Tip #1 – Always say YES when faced with a new opportunity. – from Debbie Barabe – Throughout the MBA process and in your career you’ll often be presented with the chance to do something different and out of your comfort zone.  When you signed up for an MBA you more than likely signed up to add a skill set to your résumé.  So when opportunities come along to do something that is out of the norm for you, take them.  If you’re a CPA volunteer to do a Marketing case.  If you’re a Marketer, volunteer to do an Accounting assignment.  It’s only by saying “Yes” to a new opportunity that the new skill sets you’re aiming for with an MBA will be obtained.

Tip #2 – Gain perspective. Be open to new and different ideas. – from Kevin Wakefield – The Duke CCMBA program takes us to new and exciting locations, but if you go into each place looking to embrace the similarities you still only walk away with one angle.  By being open to new and different ideas you get to look at the same place with a new slant.  That same philosophy can apply to an organization.  If you only look at an organization from your team’s point of view or are only interested in following your processes you will not be able to approach the issues in the bigger picture.  Instead, try to put yourself into a “foreign land” and look at each issue from the perspective of another team or even from your customers point of view.  By learning to think like this in your MBA program you can grow leaps and bounds in the work place.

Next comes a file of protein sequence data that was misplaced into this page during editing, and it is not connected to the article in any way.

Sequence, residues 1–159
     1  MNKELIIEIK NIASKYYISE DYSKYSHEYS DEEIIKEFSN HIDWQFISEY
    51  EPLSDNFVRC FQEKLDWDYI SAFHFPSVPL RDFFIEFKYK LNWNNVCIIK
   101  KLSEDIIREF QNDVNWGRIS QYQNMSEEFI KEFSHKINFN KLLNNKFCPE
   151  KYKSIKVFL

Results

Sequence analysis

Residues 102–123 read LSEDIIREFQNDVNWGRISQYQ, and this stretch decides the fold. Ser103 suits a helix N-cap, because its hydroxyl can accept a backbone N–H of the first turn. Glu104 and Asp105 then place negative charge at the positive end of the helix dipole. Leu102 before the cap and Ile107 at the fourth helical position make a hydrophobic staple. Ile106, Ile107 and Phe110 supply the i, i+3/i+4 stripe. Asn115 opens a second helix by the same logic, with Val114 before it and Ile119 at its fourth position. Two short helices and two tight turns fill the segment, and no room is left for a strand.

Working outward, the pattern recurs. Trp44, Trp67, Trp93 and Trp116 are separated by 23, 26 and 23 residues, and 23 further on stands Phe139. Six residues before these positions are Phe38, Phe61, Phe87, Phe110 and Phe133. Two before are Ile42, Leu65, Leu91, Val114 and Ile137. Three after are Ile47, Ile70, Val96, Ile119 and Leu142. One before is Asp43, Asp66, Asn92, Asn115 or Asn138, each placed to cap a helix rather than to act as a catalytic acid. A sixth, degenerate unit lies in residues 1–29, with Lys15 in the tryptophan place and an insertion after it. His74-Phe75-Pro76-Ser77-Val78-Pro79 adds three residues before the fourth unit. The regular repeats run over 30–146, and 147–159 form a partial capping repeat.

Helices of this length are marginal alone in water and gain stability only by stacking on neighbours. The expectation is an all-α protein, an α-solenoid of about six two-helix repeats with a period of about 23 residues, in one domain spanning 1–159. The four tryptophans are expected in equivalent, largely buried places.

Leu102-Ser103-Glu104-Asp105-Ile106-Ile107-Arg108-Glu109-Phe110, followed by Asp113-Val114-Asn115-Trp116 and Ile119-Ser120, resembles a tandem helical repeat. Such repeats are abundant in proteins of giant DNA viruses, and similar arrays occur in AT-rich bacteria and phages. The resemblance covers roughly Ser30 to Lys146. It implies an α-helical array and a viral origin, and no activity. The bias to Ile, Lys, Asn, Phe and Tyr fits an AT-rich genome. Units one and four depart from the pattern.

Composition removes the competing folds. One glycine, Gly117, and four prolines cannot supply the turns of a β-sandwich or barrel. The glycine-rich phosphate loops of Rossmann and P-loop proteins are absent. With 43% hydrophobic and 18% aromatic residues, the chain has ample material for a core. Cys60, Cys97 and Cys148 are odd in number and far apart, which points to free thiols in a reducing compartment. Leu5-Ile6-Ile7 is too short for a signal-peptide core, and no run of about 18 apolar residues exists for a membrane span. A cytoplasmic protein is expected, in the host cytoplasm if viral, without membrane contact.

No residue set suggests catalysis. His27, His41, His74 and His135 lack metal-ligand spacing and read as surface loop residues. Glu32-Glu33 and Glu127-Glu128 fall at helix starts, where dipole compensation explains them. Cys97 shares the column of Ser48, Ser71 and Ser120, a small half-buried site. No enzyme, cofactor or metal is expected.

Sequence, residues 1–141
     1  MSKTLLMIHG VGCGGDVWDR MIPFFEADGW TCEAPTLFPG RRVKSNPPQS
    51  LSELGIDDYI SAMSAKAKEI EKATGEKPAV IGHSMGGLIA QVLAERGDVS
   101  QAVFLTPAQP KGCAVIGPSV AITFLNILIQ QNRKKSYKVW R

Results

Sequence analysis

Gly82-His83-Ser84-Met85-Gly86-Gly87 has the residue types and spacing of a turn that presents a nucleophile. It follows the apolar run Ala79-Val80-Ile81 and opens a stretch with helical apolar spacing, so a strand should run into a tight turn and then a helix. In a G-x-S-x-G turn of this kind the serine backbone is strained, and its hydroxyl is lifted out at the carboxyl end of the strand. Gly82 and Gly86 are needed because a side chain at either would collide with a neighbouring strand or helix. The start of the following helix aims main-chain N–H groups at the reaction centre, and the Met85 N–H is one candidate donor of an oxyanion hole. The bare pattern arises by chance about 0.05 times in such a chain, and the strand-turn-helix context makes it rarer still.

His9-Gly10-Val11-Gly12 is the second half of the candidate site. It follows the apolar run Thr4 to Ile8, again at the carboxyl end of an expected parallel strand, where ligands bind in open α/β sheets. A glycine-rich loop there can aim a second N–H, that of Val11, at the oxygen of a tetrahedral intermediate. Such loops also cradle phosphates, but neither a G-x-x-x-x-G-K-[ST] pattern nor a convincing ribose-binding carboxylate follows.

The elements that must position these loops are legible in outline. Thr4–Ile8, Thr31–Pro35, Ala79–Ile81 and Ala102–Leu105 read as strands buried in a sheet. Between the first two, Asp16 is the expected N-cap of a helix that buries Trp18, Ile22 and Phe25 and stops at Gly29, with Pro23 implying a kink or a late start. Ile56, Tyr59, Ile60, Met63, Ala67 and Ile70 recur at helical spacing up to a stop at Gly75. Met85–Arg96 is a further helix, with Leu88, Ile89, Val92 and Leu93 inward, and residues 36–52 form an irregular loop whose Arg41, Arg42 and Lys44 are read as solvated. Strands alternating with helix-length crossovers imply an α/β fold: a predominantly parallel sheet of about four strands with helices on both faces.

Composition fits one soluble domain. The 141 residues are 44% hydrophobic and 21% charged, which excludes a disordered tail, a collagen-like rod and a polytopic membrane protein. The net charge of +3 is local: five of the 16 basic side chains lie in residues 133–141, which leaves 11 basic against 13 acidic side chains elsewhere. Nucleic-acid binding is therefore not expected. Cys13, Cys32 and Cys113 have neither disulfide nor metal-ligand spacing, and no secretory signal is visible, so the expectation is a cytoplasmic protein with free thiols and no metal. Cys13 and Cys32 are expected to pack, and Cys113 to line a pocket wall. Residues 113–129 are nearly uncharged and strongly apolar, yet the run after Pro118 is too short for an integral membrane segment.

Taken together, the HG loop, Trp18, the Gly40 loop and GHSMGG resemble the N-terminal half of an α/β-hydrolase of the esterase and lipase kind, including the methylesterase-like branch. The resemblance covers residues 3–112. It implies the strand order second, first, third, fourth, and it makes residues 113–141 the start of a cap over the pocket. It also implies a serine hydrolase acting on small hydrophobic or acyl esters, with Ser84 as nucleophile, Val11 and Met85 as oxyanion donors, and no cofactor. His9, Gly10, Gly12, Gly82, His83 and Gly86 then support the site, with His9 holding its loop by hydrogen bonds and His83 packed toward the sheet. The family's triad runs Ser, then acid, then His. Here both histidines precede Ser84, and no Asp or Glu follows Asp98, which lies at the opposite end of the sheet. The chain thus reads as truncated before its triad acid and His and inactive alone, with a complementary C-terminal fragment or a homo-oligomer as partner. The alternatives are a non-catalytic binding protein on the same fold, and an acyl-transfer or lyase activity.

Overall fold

Tip #3 - Make the most of the time spent with your classmates! – from Tyler Roehm – When we wrote our entrance essay we were asked to share what about our backgrounds would benefit other students.  One hundred fifty of us wrote an essay on that and Duke thought the answer was pretty good.  So when meeting your classmates and talking to them, make the most of that time and find out what some of those reasons are.  A conversation you have today about someone else’s work may be something that becomes a door to another possibility later on.  If nothing else you’ve gained another great friend in your MBA program.